If the Peddlers Do, It Will Be
More Than Mayor Has Done
Mayor Smith yesterday issued per
mission for peddlers of fruit from
wagons' to stand on the vacant lot,
southwest corner of Sixteenth and
Davenport streets. Complaints
tad been received from residents of
the neighborhood because of the
peddlers' presence there. The may
or says they are helping to reduce
the cost of living.
OF HIGH PRICES
TO ATTEND FAIR
Hearings Will Be Resumed in
Douglas County Septem
ber 8 Williams Goes
Talk Elevator $
High Class All-Wool Suits and
Top Coats at Reasonable Prices
x If you can duplicate suits or top coats at any
ground floor store for less than $10 more, come
back and get your money.
The men of Omaha who take advantage of the
opportunity which is now presented to buy high
grade Fall clothing at this store, will be hard to
convince that there is any real need for the tre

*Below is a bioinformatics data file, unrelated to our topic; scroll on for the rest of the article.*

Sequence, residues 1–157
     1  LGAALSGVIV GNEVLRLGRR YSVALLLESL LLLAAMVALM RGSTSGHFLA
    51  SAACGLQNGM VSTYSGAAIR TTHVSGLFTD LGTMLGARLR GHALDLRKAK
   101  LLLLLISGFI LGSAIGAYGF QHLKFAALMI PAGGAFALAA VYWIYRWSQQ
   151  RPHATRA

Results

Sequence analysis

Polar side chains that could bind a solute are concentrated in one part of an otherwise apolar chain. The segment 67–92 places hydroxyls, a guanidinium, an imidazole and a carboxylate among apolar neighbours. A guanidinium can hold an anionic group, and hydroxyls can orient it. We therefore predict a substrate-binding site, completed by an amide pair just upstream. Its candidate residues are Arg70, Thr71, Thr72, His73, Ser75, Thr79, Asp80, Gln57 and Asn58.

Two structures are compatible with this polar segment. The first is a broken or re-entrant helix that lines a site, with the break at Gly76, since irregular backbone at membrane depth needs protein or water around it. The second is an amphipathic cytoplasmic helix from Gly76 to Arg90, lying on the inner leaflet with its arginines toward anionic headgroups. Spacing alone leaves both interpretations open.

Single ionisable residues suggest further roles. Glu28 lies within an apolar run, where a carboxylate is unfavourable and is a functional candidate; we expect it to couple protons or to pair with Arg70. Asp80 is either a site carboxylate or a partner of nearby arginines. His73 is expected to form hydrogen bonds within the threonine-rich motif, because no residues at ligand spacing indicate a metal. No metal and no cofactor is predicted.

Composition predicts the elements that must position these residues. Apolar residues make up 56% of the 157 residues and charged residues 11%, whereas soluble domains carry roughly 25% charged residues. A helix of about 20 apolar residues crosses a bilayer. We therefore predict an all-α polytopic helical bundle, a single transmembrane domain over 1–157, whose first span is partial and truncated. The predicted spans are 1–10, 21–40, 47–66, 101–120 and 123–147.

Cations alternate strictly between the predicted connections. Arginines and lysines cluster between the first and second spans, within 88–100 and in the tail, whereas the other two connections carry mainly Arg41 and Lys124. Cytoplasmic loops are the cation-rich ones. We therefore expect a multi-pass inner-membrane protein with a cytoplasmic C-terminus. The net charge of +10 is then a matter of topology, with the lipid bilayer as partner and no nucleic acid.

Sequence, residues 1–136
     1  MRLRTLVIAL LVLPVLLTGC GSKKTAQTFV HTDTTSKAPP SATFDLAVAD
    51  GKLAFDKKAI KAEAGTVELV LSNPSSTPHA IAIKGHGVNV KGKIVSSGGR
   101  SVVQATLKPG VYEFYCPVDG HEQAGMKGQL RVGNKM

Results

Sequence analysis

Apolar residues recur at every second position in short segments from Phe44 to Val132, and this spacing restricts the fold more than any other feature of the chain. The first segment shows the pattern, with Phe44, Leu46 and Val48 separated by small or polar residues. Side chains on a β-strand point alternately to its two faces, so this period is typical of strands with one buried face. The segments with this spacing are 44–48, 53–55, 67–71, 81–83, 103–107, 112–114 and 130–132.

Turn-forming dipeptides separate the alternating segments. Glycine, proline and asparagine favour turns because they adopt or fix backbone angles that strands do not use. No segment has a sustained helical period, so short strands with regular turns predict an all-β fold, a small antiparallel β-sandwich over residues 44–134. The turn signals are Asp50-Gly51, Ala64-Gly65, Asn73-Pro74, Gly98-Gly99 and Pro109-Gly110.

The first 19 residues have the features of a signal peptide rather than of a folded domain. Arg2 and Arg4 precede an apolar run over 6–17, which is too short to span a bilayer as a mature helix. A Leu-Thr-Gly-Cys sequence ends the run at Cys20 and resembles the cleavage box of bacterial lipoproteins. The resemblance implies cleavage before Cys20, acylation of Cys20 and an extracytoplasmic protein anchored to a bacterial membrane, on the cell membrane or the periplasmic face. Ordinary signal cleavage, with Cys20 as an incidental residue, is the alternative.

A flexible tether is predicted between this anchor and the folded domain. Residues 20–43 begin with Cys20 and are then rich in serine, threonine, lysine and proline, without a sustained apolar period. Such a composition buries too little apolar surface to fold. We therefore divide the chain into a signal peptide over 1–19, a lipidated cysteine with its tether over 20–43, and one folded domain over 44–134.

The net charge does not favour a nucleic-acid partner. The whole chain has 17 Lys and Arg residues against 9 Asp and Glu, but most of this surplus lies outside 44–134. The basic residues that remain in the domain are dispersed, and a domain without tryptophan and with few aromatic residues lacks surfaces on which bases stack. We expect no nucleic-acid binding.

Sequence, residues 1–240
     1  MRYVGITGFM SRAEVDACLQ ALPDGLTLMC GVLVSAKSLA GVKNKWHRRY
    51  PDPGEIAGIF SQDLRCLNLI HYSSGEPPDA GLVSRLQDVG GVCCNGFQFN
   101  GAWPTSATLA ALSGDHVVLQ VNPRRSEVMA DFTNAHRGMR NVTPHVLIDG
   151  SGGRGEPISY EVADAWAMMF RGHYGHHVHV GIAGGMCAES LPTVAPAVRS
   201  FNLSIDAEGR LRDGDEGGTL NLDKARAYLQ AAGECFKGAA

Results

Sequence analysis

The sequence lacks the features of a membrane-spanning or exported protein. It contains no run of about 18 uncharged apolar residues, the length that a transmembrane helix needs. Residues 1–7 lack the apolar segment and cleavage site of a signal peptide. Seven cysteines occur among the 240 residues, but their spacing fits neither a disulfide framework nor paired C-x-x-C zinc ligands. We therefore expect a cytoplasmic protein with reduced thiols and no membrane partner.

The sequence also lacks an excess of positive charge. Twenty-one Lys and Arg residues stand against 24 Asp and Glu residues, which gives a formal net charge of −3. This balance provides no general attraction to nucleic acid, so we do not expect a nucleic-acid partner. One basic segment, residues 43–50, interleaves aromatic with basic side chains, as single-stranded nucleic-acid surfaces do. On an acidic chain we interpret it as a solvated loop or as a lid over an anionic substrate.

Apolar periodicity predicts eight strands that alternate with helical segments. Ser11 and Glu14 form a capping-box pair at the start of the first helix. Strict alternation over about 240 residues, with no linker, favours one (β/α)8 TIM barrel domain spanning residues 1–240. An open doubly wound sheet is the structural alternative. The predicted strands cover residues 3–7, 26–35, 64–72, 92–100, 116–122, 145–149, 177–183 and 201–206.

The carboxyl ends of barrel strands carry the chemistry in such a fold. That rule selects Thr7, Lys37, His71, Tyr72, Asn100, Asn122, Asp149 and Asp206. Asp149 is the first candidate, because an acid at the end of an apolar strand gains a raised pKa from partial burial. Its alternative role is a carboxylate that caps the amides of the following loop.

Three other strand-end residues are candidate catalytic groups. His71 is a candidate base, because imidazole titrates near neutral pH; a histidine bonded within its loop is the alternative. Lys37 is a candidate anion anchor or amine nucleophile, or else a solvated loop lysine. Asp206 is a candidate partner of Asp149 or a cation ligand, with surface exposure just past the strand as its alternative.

mendous increases promised by the clothing
manufacturers for this Fall.
Our system of merchandising buying for
cash, selling for cash, and avoiding the many leap
ing service costs such as charge accounts, deliver
ies, ground floor rents, expensive fixtures, clear
ance sales, etc., enables us to sellhigh-class cloth
ing at prices considerably less than those asked fyy
other stores. Early buying facilitated an -exceptional
offering, and never before in our history
were we able to present such wonderful values.
rf S to
Snanti audi T6p at
$20 to $40
Trade Upstairs ajid Save